Does Ibiza Have a Duty of Care?

The magical island of Ibiza

The magical island of Ibiza

A blog post by Martin this morning started me thinking about how you deal with the excesses that Ibiza has to offer and deal with the downside of those excess which can ultimately lead to losing your life.

I can sit and type away to my heart’s content telling people don’t do this, don’t do that but very few will read it and even fewer will take any notice.

Firstly the problem is worldwide.  It is not unique to Ibiza.  However, what is unique in Ibiza is the excesses of the once-a-week, Saturday night, in Ibiza are every day and night for 4 months of the summer season with what seems to be a much more tolerant attitude towards it than in the UK.

My initial response to the problem was education and supervision with people simply respecting themselves and each other, but again, it is just a few well-meaning words.  However after much deliberation it boils down to this.

A duty of care from everyone is what is needed.  This means everyone, whether it be the tourists, the guy behind the bar or the night porter at the hotel you’re staying in.

A great sentiment I know.  But how do you apply this to the real world and more specifically to Ibiza?

It’s not as hard as you think, once you get everyone working on the same page. That is the hard part.

Firstly the authorities need to be given the resources to have “boots on the ground”, “feet on the street” or whatever you want to call it.  Be it local security, local police, health workers or the Guarda Civil they need to have the numbers, the training and the ability to speak various languages or at least be provided with the resources to have translators on hand (as seen in many mainland Spanish resorts).

Every business needs to put its customers first not profits and have well trained well educated staff who know when it’s time to stop serving people or to give them polite words of advice.

Hotel owners need to be aware of their guests whether they are being too loud and disturbing other guests or being far too drunk or worse, keeping an eye on them, giving words of advice or taking a harder line where necessary.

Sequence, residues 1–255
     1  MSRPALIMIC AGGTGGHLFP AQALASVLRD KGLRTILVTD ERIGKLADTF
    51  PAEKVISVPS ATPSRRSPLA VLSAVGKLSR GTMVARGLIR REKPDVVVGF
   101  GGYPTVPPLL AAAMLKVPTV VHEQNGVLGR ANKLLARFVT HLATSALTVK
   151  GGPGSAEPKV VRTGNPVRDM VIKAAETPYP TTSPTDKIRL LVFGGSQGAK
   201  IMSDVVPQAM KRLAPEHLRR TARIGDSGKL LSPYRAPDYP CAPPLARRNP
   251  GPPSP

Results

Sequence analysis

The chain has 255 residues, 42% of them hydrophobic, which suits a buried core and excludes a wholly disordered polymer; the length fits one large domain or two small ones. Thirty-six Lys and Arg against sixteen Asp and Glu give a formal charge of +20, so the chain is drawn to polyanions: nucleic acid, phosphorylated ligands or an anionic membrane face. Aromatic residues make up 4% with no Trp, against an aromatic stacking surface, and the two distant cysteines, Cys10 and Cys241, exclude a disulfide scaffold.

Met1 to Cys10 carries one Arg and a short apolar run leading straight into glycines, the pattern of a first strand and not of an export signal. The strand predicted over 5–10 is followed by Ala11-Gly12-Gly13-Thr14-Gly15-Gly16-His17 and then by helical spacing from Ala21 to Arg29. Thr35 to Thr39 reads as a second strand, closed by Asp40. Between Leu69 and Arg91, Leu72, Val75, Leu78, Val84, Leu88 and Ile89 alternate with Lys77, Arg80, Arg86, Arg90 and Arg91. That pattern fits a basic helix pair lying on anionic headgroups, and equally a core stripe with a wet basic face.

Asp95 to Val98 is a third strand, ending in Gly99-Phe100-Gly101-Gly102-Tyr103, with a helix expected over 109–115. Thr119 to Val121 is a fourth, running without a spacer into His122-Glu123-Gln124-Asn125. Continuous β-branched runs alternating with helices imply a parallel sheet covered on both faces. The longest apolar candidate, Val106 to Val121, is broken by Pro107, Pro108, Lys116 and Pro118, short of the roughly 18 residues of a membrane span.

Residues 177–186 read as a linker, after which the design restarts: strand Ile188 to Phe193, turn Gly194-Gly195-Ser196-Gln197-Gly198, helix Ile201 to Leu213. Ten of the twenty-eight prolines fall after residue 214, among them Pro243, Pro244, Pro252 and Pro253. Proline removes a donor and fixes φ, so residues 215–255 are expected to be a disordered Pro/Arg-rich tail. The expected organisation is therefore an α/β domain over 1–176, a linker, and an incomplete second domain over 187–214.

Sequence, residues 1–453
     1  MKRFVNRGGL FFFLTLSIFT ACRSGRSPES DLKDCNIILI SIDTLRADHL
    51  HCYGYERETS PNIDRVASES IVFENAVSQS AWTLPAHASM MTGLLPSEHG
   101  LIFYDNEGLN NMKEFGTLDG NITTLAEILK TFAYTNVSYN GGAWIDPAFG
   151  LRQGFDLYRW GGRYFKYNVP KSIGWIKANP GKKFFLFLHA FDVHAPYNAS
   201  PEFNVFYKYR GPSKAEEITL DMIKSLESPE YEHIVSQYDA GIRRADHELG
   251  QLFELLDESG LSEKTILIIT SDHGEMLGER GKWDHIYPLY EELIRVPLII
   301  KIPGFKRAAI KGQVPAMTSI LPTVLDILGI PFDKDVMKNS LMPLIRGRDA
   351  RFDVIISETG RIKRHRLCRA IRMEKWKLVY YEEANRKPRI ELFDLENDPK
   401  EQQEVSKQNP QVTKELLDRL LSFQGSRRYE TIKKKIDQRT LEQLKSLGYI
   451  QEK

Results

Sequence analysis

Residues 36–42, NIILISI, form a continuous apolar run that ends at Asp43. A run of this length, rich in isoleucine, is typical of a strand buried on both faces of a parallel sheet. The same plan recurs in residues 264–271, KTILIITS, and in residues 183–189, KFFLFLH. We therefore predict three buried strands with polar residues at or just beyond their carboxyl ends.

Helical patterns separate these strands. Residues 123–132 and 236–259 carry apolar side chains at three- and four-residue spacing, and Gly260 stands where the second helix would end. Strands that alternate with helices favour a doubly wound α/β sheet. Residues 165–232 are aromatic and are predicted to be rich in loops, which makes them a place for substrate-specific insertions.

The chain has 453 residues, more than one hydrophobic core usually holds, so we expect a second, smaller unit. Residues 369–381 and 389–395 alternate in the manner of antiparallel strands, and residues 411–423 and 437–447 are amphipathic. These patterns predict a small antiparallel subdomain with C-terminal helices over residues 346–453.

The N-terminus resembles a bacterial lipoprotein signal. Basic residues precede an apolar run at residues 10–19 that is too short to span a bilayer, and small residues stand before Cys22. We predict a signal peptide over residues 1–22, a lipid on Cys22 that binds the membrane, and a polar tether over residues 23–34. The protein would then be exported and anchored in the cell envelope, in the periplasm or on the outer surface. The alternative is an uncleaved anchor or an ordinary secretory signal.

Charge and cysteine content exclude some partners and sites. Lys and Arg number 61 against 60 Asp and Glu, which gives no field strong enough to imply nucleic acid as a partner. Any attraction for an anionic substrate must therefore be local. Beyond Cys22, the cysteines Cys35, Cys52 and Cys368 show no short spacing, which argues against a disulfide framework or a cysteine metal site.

Those are the basics.  However, I can already hear the bar owners cries “but our duty of care only covers people whilst they are with us”.  That is completely true so pass that duty of care on.

A grander version of the pub watch radio system perhaps having premises, street staff (be they local security, police etc) CCTV, hotels and health workers all connected.

Using such a system could ensure that when a group that leaves your premises after they have had more than enough, you are able to alert the staff patrolling the streets to keep an eye on them, giving them words of advice, pointing them in the direction of the hotel or to simply inform the next establishment that they are heading their way or the hotel they are staying in that they are returning.

For more serious incidents it is an instant way to pass the information on to one central point that can then deploy resources as required in a fast and efficient way.

Communication throughout the chain and dealing with incidents before they happen, not afterwards, is the key and by working together as one, sharing information, helping each other out, and supporting each other will only change things for the better.

It’s not about being a party pooper and taking away the magic of the island.  It’s about Ibiza taking on a duty of care for everyone who visits their shores, regardless whether its crime, drink, drugs or other incidents that cause the problems.


  • Your article didn’t actually say anything! What were you trying to say !?

    • Apologies if my point didn’t come across simply it is that Ibiza has to step up and take on a duty of care towards its visitors as much as the visitors should have a duty of care towards the island and themselves.

  • cannot agree enough. turning people away when they’ve had too much works in many twn centers in uk, and worldwide.

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